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Published: Jun 21, 2024 6 min read

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Stark differences of opinion between age groups is a tale as old as time. The latest instance is investing: Among younger Americans, stocks are losing favor as an asset class, with crypto and alternative investments gaining a significant share of portfolio allocations.

This is according to Bank of America's recently concluded "2024 Study of Wealthy Americans," which provides insights into the shifting investment landscape among various age groups. The report found several divisions between people aged 44 and up and their 21- to 43-year old counterparts, with the former holding 55% of their investments in stock, 5% in alternatives and 1% in crypto, and the latter holding 28% in stock, 17% in alternatives and 14% in crypto.

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The generational investment divide

The study determined that members of older and younger generations are "surprisingly far apart on many investment issues, which could change allocation trends as wealth transfers to younger Americans," per a news release. Their views also diverge on "outlooks and growth opportunities."

While the report suggests that investors have shifted away from traditional strategies like the 60/40 portfolio (i.e., 60% stocks, 40% bonds), that trend has been more pronounced among Americans under the age of 44. As a result, younger Americans are embracing greater diversification in their holdings.

According to the study, younger investors are drawn to real estate, cryptocurrencies and private equity, while older adults prize domestic equities, real estate and emerging equities. Bank of America added that "older investors rely most on traditional stocks and bonds, [while] younger investors hold a more evenly spread mix of asset classes — including an average of 31% in alts and crypto."

Much of this gap can be attributed to a distrust in traditional markets. Significantly, 72% of respondents aged 21 to 43 continue to be skeptical of traditional investments, with 75% of younger people saying that it's "no longer possible to achieve above-average returns with stocks and bonds alone." Just a quarter of those in Gen X and above say the same.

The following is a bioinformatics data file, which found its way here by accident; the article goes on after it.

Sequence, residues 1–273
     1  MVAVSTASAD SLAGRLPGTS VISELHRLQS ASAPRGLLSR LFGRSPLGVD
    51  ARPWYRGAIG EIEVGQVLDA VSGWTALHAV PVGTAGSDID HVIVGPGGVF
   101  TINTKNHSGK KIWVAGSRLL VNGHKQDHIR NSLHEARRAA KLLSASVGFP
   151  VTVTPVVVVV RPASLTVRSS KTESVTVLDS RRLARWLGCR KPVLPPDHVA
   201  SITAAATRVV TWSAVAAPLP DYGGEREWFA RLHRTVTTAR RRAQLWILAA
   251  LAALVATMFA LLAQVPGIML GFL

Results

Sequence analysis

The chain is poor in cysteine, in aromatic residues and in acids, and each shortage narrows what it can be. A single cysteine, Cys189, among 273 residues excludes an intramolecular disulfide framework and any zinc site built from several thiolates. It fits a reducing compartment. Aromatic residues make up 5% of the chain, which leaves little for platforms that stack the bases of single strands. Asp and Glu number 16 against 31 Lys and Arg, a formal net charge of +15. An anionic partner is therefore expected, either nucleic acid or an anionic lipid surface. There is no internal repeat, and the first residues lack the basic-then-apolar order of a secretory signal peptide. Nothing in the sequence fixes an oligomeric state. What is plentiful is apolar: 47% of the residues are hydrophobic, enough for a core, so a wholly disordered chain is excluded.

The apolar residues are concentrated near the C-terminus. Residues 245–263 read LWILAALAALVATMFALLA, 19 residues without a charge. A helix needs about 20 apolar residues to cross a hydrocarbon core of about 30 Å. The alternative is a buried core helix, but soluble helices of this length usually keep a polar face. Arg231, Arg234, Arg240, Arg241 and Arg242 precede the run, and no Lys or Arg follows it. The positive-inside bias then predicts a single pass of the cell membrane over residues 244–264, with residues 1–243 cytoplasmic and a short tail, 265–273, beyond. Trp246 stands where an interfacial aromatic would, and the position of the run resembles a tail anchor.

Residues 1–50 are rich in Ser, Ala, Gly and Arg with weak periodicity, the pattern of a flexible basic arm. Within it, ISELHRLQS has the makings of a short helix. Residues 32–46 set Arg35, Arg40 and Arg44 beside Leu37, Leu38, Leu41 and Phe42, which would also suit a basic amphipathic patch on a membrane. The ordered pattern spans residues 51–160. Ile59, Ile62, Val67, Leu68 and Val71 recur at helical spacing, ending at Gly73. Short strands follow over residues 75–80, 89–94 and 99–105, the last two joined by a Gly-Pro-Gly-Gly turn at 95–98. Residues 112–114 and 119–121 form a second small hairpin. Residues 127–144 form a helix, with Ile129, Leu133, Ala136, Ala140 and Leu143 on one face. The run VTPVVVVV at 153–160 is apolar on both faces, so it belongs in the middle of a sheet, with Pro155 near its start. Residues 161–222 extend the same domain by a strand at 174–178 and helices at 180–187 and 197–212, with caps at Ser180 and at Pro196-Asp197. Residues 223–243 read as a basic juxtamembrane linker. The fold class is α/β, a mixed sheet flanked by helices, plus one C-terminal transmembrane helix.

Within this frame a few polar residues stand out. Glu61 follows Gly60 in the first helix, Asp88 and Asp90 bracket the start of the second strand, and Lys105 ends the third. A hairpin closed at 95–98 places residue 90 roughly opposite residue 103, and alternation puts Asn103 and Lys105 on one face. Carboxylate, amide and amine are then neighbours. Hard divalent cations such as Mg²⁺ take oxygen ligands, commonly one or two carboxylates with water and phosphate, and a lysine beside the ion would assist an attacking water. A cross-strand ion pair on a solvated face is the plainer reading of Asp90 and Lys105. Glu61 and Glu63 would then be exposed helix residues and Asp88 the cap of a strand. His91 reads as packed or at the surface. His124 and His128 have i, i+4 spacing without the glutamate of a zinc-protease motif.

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The rise of alternative assets

The rise in popularity of crypto and alternative assets is a relatively recent phenomenon. Bitcoin, the torchbearer of digital assets, debuted in 2009 and it wasn't until July 2015 that Ethereum, the second-largest crypto by market cap, hit the market.

On the other hand, alternative assets — or alts — have been around for hundreds of years. Artworks, for example, were first featured by auction houses like Christie's and Sotheby's in the 1700s. However, as investments, they were reserved for members of the wealthy class. It wasn't until 12 years ago that alts became broadly accessible to the masses.

In April 2012, former President Obama signed into law the Jumpstart Our Businesses Startup (JOBS) Act. In doing so, retail traders gained access to asset classes previously reserved for institutional and accredited investors.

Specifically, Regulation A of the act allowed for "an exemption from the registration requirements, allowing companies to offer and sell their securities without having to register the offering with the SEC." And while companies still must comply with SEC regulations, Regulation A expedited the rush of investments into alts.

This provision of the JOBS Act provides increased access to securitized assets like fine art, rare wine collections, sports memorabilia, luxury automobiles, designer handbags, first-edition comic books, crowdfunded real estate and even skeletal dinosaur remains.

As with traditional equities — like stocks, exchange-traded funds and mutual funds — companies are now able to offer individual shares of alts amounting to $50 million per year without needing to meet SEC registration requirements.

Regulation A also allows average Americans to participate in other alts like private equity. This is commonly achieved through Regulation A+ crowdfunding, which is commonly used by startups and entails SEC audits and SEC offering approval.

Among the overall alternative investment landscape, private equity is behemoth. Consulting firm McKinsey & Company found that in 2023, private equity set a record for assets under management by reaching $1.5 trillion, good for an 18% increase over the year prior.

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A grain of salt...

Though investing trends are certainly shifting with time, be careful not to jump to conclusions based on a single analysis.

Bank of America's report "represents American adults with $3 million or more in investable assets," which is not emblematic of the median American household's net worth of $162,350, according to data available from the Federal Reserve.

The sampling used in the Bank of America study included 1,007 qualified participants. Those aged 43 and under represented just 13% of people surveyed, with those aged 44 and older accounting for the remainder.

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